The Independent Voice of Southern Methodist University Since 1915

The Daily Campus

The Daily Campus

The Independent Voice of Southern Methodist University Since 1915

The Daily Campus

The man behind the white golf cart… and SMU parking tickets


It is hard to miss him driving his white golf cart around SMU’s picturesque campus. Rain or shine, he always appears to be out and about. Sometimes he gives injured students rides to class, and other times he is hard at work reserving parking spots for special events. Richard Holloway is the man behind parking enforcement and SMU’s director of Parking Services.

“He’s the go to guy, he gets things done,” said Mark Rhodes, director of Parking and ID Card Services at SMU.

Rhodes turned to Holloway several years ago to take over leadership for parking enforcement after SMU’s Parking and ID Card Services took charge over parking enforcement. According to Rhodes, Holloway was without a doubt the man for the job.

“He brought knowledge to the project,” Rhodes said. “He knew what needed to be done and how to do it… He assembled the staff, hired everybody and trained them.”

Holloway originally came to work at SMU after his daughter, Jamie, was admitted to the university. James Caswell, former vice president of student affairs at SMU, who passed away in 2007, encouraged Holloway to come work at SMU in order to pay for Jamie’s tuition. Holloway took his advice-and never left. Much to his satisfaction, Holloway saw his daughter regularly during her four years at SMU.

“What I like about it here is you can’t walk 50 yards on this campus without seeing somebody you know-it’s small, it’s close,” Holloway said.

He started working at SMU in 2001 as a security guard at Meadows Museum. Holloway worked there for a year before going to work for the SMU Police Department in parking enforcement. SMU’s Parking and ID Card Services then took over parking enforcement several years ago. They outsourced the management to Universal Protection Services, Holloway’s present employer.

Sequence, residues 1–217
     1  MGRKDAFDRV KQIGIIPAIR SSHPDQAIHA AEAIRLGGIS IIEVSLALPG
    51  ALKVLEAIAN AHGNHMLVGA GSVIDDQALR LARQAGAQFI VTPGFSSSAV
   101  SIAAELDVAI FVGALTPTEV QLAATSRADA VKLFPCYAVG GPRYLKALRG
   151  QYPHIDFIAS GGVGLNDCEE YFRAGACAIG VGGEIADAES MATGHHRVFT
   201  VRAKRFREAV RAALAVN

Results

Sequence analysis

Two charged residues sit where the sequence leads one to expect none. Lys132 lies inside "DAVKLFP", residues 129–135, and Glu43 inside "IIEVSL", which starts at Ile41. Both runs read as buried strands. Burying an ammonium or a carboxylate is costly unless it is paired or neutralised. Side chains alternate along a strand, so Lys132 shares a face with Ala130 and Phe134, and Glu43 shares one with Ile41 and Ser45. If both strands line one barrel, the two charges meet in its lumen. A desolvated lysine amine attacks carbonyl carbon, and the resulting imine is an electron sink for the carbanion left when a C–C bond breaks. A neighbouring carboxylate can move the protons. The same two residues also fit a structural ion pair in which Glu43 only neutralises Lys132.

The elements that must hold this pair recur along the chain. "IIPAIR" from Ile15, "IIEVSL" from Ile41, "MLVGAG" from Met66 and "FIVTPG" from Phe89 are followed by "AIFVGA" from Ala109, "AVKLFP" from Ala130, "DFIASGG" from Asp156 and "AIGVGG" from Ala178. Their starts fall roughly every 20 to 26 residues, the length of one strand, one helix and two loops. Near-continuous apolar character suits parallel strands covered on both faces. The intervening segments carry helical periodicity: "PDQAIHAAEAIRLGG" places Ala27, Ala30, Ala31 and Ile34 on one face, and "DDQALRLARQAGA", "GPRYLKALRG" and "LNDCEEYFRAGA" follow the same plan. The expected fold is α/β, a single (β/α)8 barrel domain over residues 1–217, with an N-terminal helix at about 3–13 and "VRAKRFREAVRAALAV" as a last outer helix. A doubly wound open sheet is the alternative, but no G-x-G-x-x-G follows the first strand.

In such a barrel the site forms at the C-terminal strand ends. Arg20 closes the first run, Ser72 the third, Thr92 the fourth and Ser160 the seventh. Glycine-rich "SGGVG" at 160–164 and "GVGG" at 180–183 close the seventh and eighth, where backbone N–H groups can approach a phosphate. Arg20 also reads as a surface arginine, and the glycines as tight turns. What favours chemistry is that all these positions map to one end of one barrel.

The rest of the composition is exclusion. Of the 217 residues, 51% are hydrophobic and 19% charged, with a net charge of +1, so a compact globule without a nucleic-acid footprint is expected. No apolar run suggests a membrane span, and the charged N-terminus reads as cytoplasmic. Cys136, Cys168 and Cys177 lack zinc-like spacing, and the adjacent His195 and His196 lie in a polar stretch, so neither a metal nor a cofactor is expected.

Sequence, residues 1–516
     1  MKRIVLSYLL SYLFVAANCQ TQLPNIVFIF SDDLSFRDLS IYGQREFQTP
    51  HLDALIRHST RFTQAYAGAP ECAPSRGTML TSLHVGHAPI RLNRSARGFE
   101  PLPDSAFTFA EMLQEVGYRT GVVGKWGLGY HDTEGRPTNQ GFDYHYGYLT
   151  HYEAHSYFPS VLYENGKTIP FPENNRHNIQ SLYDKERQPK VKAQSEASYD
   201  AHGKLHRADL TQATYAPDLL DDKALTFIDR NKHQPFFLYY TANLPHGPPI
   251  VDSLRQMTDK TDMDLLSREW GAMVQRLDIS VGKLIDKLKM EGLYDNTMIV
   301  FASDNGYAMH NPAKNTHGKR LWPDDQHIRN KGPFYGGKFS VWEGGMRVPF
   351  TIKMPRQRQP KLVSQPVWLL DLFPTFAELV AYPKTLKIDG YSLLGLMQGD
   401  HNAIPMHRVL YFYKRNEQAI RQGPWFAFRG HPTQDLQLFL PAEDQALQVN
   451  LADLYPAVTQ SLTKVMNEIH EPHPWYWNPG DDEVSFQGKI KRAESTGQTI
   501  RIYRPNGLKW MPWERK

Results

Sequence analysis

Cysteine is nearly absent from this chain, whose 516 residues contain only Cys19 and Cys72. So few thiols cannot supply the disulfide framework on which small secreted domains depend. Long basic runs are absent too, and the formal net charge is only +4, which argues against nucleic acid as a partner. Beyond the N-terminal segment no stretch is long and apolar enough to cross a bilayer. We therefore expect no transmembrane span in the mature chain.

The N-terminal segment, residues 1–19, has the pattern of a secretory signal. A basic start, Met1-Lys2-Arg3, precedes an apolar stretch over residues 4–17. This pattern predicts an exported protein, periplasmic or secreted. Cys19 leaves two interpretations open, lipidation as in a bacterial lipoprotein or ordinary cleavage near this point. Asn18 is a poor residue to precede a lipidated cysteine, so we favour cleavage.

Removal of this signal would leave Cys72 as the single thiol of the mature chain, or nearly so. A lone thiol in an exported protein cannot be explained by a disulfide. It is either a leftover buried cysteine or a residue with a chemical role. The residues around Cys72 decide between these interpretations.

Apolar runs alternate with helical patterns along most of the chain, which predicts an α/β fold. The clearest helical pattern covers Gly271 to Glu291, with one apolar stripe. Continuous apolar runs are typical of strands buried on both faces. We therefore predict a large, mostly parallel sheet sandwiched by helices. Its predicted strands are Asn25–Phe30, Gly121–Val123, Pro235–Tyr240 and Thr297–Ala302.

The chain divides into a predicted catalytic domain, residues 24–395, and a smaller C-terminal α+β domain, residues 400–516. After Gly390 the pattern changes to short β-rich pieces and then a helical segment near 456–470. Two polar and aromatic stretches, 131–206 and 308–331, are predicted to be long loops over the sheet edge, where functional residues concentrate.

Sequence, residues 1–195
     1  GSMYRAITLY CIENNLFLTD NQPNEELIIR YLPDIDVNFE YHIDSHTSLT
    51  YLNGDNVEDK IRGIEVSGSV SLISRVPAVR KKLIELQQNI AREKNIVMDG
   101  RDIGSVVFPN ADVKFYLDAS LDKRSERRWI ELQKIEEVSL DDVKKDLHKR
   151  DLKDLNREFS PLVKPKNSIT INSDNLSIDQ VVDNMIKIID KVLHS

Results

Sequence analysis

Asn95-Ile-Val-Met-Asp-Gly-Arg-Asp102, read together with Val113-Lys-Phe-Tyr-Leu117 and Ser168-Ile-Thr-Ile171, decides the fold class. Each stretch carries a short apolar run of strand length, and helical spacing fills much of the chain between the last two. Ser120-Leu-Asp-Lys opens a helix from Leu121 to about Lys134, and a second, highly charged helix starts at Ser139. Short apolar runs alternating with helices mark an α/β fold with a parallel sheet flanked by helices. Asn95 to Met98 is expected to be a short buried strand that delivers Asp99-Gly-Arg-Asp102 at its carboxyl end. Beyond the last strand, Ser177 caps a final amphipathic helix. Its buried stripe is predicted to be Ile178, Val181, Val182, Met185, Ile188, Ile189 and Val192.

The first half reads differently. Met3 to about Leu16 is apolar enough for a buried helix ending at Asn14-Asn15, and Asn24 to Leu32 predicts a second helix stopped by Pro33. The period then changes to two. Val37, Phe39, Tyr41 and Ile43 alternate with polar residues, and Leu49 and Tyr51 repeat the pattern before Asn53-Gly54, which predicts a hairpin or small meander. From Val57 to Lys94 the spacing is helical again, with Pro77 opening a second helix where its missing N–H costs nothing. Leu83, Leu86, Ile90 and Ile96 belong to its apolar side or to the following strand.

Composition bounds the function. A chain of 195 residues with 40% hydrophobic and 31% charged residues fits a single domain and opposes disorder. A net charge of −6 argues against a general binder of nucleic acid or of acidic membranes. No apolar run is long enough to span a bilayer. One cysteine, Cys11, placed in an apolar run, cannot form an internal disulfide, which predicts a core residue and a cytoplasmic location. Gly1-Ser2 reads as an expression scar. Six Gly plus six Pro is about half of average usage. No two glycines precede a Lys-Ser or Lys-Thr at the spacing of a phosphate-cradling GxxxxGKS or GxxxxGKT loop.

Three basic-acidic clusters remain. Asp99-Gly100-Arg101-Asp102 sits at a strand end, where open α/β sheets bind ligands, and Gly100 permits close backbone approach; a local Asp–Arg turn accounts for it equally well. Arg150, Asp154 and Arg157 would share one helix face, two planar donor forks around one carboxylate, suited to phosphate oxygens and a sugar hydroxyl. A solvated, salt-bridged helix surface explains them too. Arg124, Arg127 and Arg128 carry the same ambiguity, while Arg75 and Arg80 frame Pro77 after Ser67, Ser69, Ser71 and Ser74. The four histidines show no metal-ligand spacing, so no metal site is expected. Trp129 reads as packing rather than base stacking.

Holloway’s typical workday is between the hours of 7 a.m. and 3 p.m., but he usually stays longer. These days, he spends significantly less time writing parking citations.

” Compliance is better right now on this campus than it was ever before,” Holloway said.

According to Rhodes, the success of any parking program is a direct reflection of its enforcement program. He credits Holloway’s leadership to the decrease in citations around campus. He also said because of construction and the elimination of open parking, there are fewer spaces for people to violate. Holloway admits that he gets upset with students and they get upset with him.

“I don’t get mad at the kids, I appreciate them,” said Holloway. “Some of them I appreciate more than others, but they’re fun and they’re just as nice as could be.”

The parking patron likes to give kids a break. He thinks of his job as more than just teaching students where they can and cannot park; he teaches them responsibility.

“It’s not so much I teach it, they can see what will happen if they don’t,” Holloway said. “I like to think I was a part of that but I don’t like the aspect of teaching them by punishment.”

SMU graduate, John Bowden, can’t help but think of all the car tows and boots when he reflects back on his time at SMU.

“My freshman year I probably had seven or eight tows and probably 15 boots,” said Bowden. “I was just trying to park near my dorm.”

When asked if he knew Richard Holloway, Bowden replied yes and said he taught him to only park where allowed.

Mira Suarsana, SMU senior, didn’t have a car on campus until her sophomore year. However, she knew exactly who Holloway was since she first arrived at SMU. According to Suarsana, Holloway is undoubtedly a staple around campus.

Some of Holloway’s favorite times of the year are graduation and homecoming.

“There are so many nice people who have been through here,” said Holloway. “And it’s great to have people come back for homecoming and come back to the football games and be like ‘hey dick’–it’s just a good feeling… a good feeling. I love this place. Do I get mad every once in a while? Yeah I get mad, but it comes with the job.”


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